By Icemael 24 Comments
☆☆☆ (out of five)
Shadows of the Damned, in which Garcia Hotspur ventures through Hell to save his girlfriend Paula from the demon lord Fleming with the aid of his trusty sidekick, the flaming, talking skull Johnson (capable of transforming into a torch, a motorbike and a variety of guns for Garcia to use), is a very disappointing third-person shooter.
Its primary problem is simple: Garcia is overpowered. His dodge roll is quick and spammable, and he's invincible for the duration of the move. He has at his disposal an unlimited supply of light shots which temporarily stun enemies, leaving them vulnerable to instantly killing headshots and contextual one-hit-kill melee attacks. His regular melee attack interrupts and knocks back enemies, and can be charged to become every bit as lethal as its contextual brethren. And these are just the powers you possess early on – over the course of the game you acquire things like target-seeking machinegun rounds and sticky bombs that can be remotely detonated, making you even more ridiculously powerful.
The enemies – almost exclusively featureless and very boring humanoids with glowing eyes – simply stand no chance against Garcia and his Johnson. The vast majority of them have no ranged attacks, and alternate between walking and running towards you while leaving themselves completely open to the killing tool of your choosing (think Ganados from Resident Evil 4, except slightly faster). Enemies that deviate from this norm are rare, and pose no real challenge when they appear – the dodge roll and the light shot enable you to dispatch of them with ease.
Sometimes you will find your path blocked by vine-like demon pubes, at which point you will have to engage in something resembling puzzle-solving by venturing into Darkness (a blue, demonic substance that drains your health if you remain in it too long, and grants enemies a protective veil that must be removed with a light shot or a melee attack) and shooting red containers that can only be harmed from within the devilish matter. Also breaking up the monotony of the regular combat are shooting gallery sequences and side-scrolling shoot ‘em up levels. These are, unfortunately, even more boring than the usual action – they’re both simpler and slower, and last way too long.
The worst parts of Shadows of the Damned, however, are neither the shooting galleries nor the shoot ‘em up stages, but the boss fights. The bosses look and sound absolutely insane (one, for example, rips out and eats his own heart, transforms into a man with a goat’s head and mounts a horse with a human’s face) and in that regard feel like a breath of fresh air compared to the bland creatures that populate most of the game, but fighting them is an absolutely agonizing experience. They’re just as easy to defeat as the rest of what the Netherworld has to offer, but unlike their lower-ranked associates they don’t have the courtesy to go down quickly. Instead they delay their inevitable demise for what feels like an eternity with slow, primitive attack patterns and copious amounts of health in what can only be interpreted as an attempt to bore Garcia to death.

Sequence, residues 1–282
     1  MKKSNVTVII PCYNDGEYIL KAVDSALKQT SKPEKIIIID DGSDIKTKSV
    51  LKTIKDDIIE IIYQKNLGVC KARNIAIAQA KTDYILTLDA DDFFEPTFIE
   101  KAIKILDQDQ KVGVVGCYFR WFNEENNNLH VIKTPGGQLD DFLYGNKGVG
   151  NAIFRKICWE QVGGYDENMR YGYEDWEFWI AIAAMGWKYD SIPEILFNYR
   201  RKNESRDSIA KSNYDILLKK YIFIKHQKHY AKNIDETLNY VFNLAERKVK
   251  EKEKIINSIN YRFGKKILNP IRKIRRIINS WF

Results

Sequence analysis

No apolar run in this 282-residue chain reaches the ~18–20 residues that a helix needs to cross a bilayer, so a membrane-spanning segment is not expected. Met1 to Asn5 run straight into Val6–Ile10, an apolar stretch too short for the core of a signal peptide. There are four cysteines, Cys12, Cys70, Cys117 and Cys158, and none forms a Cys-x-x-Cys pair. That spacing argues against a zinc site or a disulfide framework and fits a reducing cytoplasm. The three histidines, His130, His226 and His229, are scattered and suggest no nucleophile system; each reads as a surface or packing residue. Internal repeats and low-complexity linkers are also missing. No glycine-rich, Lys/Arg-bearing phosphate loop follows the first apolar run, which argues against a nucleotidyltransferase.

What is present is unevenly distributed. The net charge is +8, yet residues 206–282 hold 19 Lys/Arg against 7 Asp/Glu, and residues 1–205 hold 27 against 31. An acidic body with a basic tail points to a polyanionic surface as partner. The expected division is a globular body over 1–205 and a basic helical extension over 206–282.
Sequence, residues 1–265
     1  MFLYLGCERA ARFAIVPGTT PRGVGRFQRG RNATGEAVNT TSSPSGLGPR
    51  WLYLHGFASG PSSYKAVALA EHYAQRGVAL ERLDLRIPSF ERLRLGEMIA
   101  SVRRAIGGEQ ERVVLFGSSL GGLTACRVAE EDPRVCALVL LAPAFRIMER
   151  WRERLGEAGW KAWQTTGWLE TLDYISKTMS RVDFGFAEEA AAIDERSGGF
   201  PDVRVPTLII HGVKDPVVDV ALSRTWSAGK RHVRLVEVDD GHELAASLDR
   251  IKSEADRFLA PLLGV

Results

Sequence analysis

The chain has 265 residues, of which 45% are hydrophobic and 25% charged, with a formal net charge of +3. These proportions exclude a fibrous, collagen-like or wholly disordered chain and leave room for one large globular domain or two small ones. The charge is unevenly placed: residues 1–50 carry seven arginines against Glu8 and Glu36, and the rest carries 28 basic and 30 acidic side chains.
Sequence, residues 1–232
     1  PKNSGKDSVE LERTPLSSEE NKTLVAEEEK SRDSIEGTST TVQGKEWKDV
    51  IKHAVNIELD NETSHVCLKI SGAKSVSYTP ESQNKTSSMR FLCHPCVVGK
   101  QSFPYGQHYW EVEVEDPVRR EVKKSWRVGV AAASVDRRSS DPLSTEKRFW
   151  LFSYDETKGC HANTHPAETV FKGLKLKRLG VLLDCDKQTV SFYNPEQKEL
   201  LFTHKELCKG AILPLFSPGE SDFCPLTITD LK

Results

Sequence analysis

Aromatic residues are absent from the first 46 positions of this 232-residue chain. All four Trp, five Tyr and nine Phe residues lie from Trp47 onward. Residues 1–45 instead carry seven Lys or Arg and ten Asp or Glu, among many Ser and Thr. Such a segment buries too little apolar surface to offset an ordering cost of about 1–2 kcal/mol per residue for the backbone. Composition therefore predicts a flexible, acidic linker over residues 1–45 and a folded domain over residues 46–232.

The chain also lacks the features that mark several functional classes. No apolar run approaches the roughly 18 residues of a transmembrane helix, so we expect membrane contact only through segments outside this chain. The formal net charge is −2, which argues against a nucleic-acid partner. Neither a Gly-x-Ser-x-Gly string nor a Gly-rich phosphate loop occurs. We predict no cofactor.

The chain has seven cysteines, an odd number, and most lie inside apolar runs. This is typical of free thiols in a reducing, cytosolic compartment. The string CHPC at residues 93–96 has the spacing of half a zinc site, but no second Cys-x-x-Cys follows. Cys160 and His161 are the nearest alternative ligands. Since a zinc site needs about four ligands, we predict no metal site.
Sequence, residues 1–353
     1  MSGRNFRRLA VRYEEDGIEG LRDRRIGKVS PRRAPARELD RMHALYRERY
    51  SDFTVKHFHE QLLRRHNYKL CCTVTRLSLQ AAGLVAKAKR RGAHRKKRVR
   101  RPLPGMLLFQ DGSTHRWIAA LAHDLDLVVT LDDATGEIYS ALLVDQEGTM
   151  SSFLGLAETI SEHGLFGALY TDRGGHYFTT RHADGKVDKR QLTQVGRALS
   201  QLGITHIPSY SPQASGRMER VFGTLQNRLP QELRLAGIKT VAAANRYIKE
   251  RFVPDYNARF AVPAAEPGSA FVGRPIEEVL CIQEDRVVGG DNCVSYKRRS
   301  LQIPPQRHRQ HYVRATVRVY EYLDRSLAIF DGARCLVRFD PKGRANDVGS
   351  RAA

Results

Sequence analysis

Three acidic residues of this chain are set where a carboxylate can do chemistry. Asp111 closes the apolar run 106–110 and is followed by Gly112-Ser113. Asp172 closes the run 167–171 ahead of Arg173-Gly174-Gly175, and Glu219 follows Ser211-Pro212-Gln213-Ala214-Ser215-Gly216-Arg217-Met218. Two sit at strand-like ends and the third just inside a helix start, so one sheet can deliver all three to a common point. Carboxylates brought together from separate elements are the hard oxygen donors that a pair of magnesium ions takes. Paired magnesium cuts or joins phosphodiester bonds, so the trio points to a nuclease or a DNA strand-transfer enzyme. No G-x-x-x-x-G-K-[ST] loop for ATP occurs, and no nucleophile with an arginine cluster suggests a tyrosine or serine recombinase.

The game is beautiful, at least. Shadows of the Damned’s Hell is dark, gloomy place where a mixture of muted green, yellow and red dominates, punctuated by the occasional blue, health-sapping darkness. The environments might not be the most creative – ignore the blood, the guts and the occasional bizarre detail, and you will find that with the exception of the final area, the Underworld in its entirety consists of rather unremarkable locations: a forest, a library, a sewer, a red-lights district et cetera – but thanks to great use of colour and absolutely stellar lighting, they are nonetheless remarkably pleasing to the eyes.
The combat looks great, too. Garcia’s animation is excellent, and slow motion effects and exploding heads that accompany the frequent one-hit-kills ensure that they feel fairly satisfying despite the lack of challenge. The melee attacks look particularly powerful – Hotspur will, amongst other things, knee enemies in the face, kick them in the balls and jump on them with such force that they shatter into tiny, demonic flesh chunks. Cool little details like a neon wire-frame effect that appears when Johnson switches between gun modes further enhance the visual experience, cementing the game's position as one of the very best-looking third-person shooters in the business.
The sound isn’t bad, either. Gunshots and melee attacks sound gratifying and the music, while nothing exceptional, complements the gloomy environments nicely. The voice acting is excellent, and the writing is generally of a high quality – there are a great many chuckles to be had at Hotspur and Johnson’s humorous banter (though some of the dick jokes do feel forced) and the game’s many references.
Shadows of the Damned is undeniably a letdown (especially given the involvement of Shinji Mikami, who not more than a year ago put out the most amazing third-person shooter) but despite its many issues, it’s actually decent fun. It offers cool sights and good laughs, and while the combat may be too easy it is for the most part fast, fluid and aesthetically gratifying enough to provide fairly agreeable entertainment.